Board votes to send intervention notice to Montgomery Public Schools
MONTGOMERY, AL (WSFA) - The Alabama State Department of Education passed a resolution Thursday morning that gives written notice to leaders of the Montgomery Public Schools system of a possible intervention. The vote to notify of intervention was unanimous.
The state has not taken over the capital city's school system at this point, though the notice is the first step toward that. The school system has 21 days to respond once given notice.
An actual intervention will require a second vote by the Alabama State Board of Education, according to State Superintendent Michael Sentance. That second vote would likely come at the board's next meeting in early February.
Even then, Sentance said it could be some time before changes are seen or felt.
"We would be spending several months just doing a very hard and critical analysis of each school that we're working with and determining those needs," he added.
Sentance, who has only been on the job four months, said he has concerns about the financial and academic performance of Montgomery Public Schools. He specifically stated the reason for this decision was due to some schools in Montgomery being at a low level and staying at a low level for a long period of time.
"It's the first step in trying to create the kind of school system that Montgomery County deserves," Sentance said. "Schools were at a low level and staying at a low level. And I thought that needed to be addressed and addressed expeditiously."
Sentance said he determined when he took over as state superintendent in September that one of the first issues he wanted to take up was Montgomery Public Schools. Sentance said there are other districts in the state that need improvement, but one of the reasons he chose Montgomery was because it's the capital city.
Sentance said after thinking for months about a solution, he determined that a state intervention was the answer for Montgomery County. If the state does take over the district, Sentance said he believes it would take three to five years to "fundamentally change direction."
State Board member Ella Bell has represented Montgomery schools for 15 years and her parents were also both educators at MPS. That's why she considers the move by the state extraordinary.
"The black schools were always secondary," Bell said. "The black schools always had the largest classes. They had all kinds of negatives as compared to white schools in this city. I recognize this as the first time in the history of education in Montgomery Public Schools that the state has intervened to bring all Montgomery schools to a level of not just parity but a level where we have competence, that exudes a level of excellence that we will achieve."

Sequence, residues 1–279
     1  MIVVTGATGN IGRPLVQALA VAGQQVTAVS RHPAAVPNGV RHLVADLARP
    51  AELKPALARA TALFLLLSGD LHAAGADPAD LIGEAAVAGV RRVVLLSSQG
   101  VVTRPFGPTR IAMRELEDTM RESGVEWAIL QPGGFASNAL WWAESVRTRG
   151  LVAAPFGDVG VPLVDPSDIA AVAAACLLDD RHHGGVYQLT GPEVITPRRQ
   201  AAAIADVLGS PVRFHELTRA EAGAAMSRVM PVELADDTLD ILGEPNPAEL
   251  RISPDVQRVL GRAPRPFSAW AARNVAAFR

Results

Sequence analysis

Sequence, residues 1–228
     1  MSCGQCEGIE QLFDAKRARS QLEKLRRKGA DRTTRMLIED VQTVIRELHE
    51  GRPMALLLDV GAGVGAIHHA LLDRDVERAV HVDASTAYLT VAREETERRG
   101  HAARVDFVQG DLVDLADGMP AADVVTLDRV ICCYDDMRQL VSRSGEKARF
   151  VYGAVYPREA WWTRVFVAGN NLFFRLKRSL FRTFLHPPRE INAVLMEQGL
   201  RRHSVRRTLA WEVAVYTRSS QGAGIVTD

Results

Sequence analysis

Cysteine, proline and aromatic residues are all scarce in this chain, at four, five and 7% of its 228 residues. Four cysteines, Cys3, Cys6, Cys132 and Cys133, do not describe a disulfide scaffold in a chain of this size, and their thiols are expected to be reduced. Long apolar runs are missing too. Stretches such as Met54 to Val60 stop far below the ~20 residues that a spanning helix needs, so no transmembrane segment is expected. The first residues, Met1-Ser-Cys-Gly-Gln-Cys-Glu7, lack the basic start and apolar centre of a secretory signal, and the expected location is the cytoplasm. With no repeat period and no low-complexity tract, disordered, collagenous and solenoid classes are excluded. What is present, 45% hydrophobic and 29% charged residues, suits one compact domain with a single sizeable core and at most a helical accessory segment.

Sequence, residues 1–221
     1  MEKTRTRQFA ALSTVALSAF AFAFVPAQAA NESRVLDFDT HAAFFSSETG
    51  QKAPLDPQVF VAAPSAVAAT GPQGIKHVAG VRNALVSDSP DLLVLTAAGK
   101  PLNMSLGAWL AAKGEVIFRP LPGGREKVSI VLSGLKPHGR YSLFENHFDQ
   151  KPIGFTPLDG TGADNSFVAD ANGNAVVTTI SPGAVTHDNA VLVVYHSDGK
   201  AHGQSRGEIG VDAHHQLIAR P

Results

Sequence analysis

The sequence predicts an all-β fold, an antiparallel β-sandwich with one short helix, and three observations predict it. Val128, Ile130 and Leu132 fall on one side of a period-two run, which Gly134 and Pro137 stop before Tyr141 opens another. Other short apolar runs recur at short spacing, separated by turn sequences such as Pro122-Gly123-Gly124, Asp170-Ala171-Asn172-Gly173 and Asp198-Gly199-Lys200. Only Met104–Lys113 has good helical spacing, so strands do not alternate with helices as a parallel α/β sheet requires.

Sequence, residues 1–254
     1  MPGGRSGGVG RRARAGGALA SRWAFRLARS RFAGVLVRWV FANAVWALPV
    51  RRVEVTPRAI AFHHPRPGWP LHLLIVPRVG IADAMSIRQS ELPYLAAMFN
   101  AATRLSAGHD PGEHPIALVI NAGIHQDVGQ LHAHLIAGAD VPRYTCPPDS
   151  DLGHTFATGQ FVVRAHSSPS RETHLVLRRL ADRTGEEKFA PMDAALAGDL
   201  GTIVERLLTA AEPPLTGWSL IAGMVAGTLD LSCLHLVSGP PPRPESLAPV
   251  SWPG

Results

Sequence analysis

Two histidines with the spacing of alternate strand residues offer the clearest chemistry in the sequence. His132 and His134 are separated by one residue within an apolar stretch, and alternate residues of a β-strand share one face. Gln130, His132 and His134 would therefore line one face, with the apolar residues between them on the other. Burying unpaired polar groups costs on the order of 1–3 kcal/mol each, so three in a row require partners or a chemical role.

State Board member Stephanie Bell also represents some Montgomery schools. She stressed it wasn't just the state that needs to intervene; she believes the community should step up and step in as well.
"We will be working together in this endeavor. And we can make it happen. And we will make it happen," Bell said. "This is the right time. We cannot wait and I look forward to working with the local board."
The state superintendent stressed if an intervention takes place, all of the attention from the state will be on the schools that need to improve, meaning there wouldn't be any changes at the district's high-performing schools.
"Getting involved with those schools struck me as being utterly without any real purpose," Sentance explained. "So I have no interest in trying to interfere in successful schools in any way."
MPS Board of Education President Robert Porterfield said Thursday the MPS board is in favor of the state action and said it will be a "collaborative" effort between MPS and the state.
At the end of the day Thursday, MPS still hadn't received the notice, so the details that would be in it like why the state thinks the intervention is necessary and the state's plan to fix those problems are still unclear.
The decision to notify MPS of the possibility of intervention comes on the same day the state education department released its list of failing schools. Of the 75 schools on the list, 10 are in the MPS system.
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